Report: Amazon Kindle store hit by regulatory trouble in China

The company's new Kindle store in China may not have the proper authorization to sell e-books in the country, according to blog site MIC Gadget.

Amazon's new Chinese Kindle store may have run afoul of Chinese regulations.
Amazon's new Chinese Kindle store may have run afoul of Chinese regulations. Screenshot by Lance Whitney/CNET

Amazon's new Chinese Kindle store is reportedly being investigated by Chinese authorities over charges that the store does not have a license to sell e-books in the country.

China's GAAP (General Administration of Press and Publication) agency requires that digital publishers operating in China must receive at least one of four licenses to publish, copy, distribute, or import ebooks, according to blog site MIC Gadget.

But Amazon allegedly did not obtain any of the required licenses. Instead, the company reportedly borrowed a license from one of its partners, which is against the law in China. Amazon did apply for a business license to run the store, MIC Gadget said, but that process is likely to take a long time to be approved.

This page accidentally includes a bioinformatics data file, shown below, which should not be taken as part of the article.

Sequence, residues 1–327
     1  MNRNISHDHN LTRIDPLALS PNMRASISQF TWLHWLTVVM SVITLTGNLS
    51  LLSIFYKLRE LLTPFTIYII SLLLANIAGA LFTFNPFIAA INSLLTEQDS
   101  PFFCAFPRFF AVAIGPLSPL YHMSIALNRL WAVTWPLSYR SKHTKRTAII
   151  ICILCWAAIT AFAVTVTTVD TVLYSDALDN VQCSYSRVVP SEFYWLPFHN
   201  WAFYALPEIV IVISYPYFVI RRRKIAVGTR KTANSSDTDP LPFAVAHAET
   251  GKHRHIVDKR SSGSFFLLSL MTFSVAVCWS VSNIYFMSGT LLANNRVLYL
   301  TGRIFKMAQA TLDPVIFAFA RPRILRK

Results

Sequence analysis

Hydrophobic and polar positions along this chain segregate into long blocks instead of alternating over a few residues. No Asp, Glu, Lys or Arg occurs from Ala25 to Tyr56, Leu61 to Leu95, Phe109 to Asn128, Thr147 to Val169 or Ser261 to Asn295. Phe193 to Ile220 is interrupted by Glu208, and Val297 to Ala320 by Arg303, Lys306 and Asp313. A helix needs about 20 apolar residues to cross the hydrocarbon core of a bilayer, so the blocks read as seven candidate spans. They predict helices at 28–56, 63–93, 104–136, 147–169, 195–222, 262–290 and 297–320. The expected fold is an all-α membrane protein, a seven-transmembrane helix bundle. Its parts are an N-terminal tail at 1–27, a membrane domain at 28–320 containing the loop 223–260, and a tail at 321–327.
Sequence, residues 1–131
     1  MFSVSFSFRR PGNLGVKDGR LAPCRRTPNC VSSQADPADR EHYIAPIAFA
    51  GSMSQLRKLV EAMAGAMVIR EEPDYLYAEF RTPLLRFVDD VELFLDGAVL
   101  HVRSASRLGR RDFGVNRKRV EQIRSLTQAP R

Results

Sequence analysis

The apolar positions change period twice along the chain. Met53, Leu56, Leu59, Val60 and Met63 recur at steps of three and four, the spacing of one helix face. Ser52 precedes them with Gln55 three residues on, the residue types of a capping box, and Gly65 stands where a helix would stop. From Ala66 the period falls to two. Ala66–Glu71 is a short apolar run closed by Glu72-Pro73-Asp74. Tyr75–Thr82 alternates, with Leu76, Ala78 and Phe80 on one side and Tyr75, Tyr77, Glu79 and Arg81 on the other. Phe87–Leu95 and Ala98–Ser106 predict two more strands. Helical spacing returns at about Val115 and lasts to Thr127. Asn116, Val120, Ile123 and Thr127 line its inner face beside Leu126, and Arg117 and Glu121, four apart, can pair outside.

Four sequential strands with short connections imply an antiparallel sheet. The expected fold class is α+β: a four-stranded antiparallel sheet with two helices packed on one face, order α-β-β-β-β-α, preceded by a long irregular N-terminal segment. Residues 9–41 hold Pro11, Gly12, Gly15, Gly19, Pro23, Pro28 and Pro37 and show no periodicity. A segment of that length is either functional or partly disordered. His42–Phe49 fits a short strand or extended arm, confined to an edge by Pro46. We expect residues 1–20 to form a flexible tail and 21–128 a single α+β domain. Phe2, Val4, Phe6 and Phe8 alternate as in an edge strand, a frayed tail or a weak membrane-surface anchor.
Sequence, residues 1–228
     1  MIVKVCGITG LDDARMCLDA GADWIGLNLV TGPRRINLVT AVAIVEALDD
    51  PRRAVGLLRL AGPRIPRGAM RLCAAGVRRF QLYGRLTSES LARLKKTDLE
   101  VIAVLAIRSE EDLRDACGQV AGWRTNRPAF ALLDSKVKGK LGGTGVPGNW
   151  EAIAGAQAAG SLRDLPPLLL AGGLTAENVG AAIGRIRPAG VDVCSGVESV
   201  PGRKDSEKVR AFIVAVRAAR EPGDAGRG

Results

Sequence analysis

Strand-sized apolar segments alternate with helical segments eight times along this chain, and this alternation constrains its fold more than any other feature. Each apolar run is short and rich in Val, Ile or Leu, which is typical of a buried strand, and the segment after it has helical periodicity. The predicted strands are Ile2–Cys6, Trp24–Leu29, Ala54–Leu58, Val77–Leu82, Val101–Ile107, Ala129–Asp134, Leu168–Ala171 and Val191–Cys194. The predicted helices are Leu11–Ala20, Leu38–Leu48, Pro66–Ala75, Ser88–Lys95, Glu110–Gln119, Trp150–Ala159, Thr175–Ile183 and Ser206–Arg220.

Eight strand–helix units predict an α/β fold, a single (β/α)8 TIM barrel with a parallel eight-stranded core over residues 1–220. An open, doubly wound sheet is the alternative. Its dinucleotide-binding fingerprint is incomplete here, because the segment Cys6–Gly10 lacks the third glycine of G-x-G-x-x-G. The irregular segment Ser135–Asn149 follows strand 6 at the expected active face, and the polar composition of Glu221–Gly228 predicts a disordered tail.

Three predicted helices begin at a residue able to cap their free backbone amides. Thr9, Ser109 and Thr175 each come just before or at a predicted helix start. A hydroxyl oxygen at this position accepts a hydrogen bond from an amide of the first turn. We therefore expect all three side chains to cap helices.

In the meantime, Amazon faces stiff competition in the Chinese e-book market from such established vendors as Dangdang, 360buy, Hanwang, and Shanda, all of whom carry more e-books and have already built up their own loyal customers.

The retail giant kicked off the online Kindle store for China last week , serving up Chinese language e-books. The store is seen as the first step toward introducing Kindle devices into the Chinese market.

In June, four Kindle devices received regulatory approval from the State Radio Regulation of China, according to Reuters. Amazon's former China chief told Reuters this year that the company hopes to bring the Kindle to China within the next two years.

CNET contacted Amazon for comment and will update the story if we receive any information.

About the author

Journalist, software trainer, and Web developer Lance Whitney writes columns and reviews for CNET, Computer Shopper, Microsoft TechNet, and other technology sites. His first book, "Windows 8 Five Minutes at a Time," was published by Wiley & Sons in November 2012.

 

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